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A Scary Shark Encounter (Belize)

Copyright 1999 -- story by Jean-Philippe Soule

In the wake of the movie The Big Blue, the sports of freediving and spearfishing have received international recognition and are riding a surge of popularity. But for us, what started as a novelty has become a necessity; it is our sole means to obtain fresh food during our three-year, 4000 mile paddling expedition in Central America. After each paddling day I love to spend a couple of hours in the water. I often encounter sharks, mainly black tip reef sharks and nurse sharks, occasionally hammerheads. These aren't aggressive. When I see them I just move farther on before I start spearfishing. People often ask me, "Aren't you afraid to freedive with sharks?" I always replied, "No, sharks aren't aggressive". However, a nearly tragic experience in Belize recently shook my confidence.

. . .

By the time I had the fish on the stringer, the water visibility was less than 10 feet. The Tarpons disappeared. My fish had been bleeding abundantly and I knew I had to get out of the water quickly. I was still in 12-foot deep water but couldn't see the bottom anymore. I re-armed my speargun and before I could swim one more stroke, a gray mass moved right at me. I aimed my gun thinking it might be a large Tarpon. I suddenly choked on my snorkel, swallowed water and quickly kicked backwards. A huge gray shark had stopped just 6 feet from me. My two quick fin kicks seemed to have scared him as much as he scared me, so I thought. Before I had made much progress, the shark was back full speed, coming right at me while shaking its head from side to side. In this water with poor visibility, it quickly disappeared. This time I clearly saw that it was bigger than me. In a few seconds it was back again. I was frozen, unable to swim. I knew my bleeding fish was driving it crazy, but I couldn't look down to my hip to unclip the stringer. I was paralyzed, just holding on to my speargun tightly to fend off my aggressor. Each time I lost sight of it I would quickly spin around, rotating my head, wondering from what direction it would be coming next . . .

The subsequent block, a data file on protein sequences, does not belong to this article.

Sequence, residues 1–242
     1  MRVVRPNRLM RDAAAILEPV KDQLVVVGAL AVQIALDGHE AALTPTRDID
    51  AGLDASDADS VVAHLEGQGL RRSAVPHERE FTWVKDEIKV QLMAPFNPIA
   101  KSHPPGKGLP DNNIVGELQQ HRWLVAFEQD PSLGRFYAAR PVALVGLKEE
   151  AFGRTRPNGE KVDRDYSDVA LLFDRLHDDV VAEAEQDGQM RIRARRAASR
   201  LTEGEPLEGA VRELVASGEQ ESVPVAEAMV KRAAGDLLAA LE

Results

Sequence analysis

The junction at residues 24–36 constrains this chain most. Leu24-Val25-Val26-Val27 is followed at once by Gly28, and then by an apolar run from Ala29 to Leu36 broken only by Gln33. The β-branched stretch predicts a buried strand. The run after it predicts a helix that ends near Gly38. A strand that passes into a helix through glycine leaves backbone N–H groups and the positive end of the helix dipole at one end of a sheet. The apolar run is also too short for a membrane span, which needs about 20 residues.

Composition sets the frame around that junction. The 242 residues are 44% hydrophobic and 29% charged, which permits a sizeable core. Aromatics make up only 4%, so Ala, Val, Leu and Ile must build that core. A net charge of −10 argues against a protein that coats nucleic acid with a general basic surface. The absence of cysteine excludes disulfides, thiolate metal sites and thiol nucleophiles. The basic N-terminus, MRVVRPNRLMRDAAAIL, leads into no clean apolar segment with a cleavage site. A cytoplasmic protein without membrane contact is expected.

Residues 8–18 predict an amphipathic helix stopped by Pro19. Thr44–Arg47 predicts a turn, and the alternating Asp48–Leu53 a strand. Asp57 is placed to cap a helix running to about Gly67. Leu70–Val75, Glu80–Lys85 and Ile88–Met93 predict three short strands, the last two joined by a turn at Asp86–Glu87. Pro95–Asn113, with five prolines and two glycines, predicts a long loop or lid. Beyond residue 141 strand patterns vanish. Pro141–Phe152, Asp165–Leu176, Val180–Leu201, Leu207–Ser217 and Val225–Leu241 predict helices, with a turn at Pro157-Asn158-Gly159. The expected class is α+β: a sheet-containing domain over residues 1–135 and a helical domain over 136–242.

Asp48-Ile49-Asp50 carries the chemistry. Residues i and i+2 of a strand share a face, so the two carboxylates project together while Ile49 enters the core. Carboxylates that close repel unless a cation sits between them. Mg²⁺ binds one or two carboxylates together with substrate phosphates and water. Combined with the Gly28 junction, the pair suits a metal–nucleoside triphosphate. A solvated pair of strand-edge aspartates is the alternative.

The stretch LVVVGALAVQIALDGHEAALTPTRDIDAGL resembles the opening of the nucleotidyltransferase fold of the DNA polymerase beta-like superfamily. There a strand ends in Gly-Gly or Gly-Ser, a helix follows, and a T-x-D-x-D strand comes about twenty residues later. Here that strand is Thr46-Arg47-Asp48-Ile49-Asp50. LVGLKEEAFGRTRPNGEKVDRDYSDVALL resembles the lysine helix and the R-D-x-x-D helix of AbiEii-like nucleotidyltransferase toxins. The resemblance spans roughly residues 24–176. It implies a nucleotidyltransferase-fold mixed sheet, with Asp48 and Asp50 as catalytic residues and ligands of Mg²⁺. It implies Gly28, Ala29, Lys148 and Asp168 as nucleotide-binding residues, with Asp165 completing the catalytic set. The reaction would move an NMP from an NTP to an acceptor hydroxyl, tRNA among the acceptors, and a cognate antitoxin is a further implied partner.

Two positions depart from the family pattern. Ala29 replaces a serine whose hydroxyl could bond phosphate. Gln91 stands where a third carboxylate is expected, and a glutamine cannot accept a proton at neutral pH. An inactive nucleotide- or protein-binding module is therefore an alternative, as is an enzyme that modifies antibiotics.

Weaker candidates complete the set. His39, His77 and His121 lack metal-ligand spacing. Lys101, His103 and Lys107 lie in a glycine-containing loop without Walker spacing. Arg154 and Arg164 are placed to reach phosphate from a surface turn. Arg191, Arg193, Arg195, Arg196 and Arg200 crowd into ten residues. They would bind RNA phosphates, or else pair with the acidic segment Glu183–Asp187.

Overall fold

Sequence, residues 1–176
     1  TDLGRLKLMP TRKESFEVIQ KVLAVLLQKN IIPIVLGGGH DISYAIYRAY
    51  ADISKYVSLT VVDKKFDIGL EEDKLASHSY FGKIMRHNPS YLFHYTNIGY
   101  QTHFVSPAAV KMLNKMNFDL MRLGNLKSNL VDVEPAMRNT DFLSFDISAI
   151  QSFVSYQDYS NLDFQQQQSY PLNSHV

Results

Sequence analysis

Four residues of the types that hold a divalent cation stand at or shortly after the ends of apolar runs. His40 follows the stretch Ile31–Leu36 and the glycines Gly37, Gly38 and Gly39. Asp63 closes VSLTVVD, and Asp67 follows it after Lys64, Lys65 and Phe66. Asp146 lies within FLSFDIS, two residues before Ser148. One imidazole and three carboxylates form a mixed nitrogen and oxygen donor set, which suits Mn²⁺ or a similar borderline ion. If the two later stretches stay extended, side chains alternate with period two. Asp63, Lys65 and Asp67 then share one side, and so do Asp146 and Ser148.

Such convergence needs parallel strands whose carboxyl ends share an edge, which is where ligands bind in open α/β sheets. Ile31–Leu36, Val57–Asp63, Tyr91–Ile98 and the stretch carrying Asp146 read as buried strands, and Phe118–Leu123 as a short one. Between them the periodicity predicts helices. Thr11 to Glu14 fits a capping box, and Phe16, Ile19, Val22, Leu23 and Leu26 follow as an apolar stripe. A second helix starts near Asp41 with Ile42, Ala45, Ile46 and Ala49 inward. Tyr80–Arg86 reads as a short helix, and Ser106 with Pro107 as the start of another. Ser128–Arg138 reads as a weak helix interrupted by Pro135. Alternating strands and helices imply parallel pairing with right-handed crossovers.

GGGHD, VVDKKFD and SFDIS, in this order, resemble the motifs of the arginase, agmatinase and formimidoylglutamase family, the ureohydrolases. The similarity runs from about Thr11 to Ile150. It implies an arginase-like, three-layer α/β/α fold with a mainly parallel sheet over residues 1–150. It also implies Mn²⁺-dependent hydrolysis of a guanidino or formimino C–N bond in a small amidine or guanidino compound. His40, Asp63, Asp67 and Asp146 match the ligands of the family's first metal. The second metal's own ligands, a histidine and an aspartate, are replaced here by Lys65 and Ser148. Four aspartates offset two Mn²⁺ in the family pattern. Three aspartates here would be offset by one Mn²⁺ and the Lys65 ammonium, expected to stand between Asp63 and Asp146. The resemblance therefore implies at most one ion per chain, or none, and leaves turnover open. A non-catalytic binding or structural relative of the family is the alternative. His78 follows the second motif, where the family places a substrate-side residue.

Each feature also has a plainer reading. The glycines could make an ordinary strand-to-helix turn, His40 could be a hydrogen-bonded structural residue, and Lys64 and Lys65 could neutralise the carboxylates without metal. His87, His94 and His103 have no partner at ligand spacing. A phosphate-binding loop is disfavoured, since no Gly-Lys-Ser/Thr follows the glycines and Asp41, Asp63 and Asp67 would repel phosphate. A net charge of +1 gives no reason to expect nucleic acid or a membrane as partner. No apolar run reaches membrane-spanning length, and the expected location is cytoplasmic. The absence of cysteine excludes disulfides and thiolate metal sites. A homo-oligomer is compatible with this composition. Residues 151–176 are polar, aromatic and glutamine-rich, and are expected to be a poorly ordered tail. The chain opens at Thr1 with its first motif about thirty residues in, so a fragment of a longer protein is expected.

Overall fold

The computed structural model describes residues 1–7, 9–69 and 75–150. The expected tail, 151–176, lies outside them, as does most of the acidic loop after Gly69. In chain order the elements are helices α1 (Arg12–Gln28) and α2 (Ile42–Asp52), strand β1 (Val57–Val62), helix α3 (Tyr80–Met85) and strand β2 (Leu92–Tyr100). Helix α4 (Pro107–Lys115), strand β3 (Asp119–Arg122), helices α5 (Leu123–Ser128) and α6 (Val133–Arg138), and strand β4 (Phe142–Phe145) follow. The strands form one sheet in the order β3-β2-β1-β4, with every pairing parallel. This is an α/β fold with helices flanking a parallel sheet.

Jean-Philippe Soule


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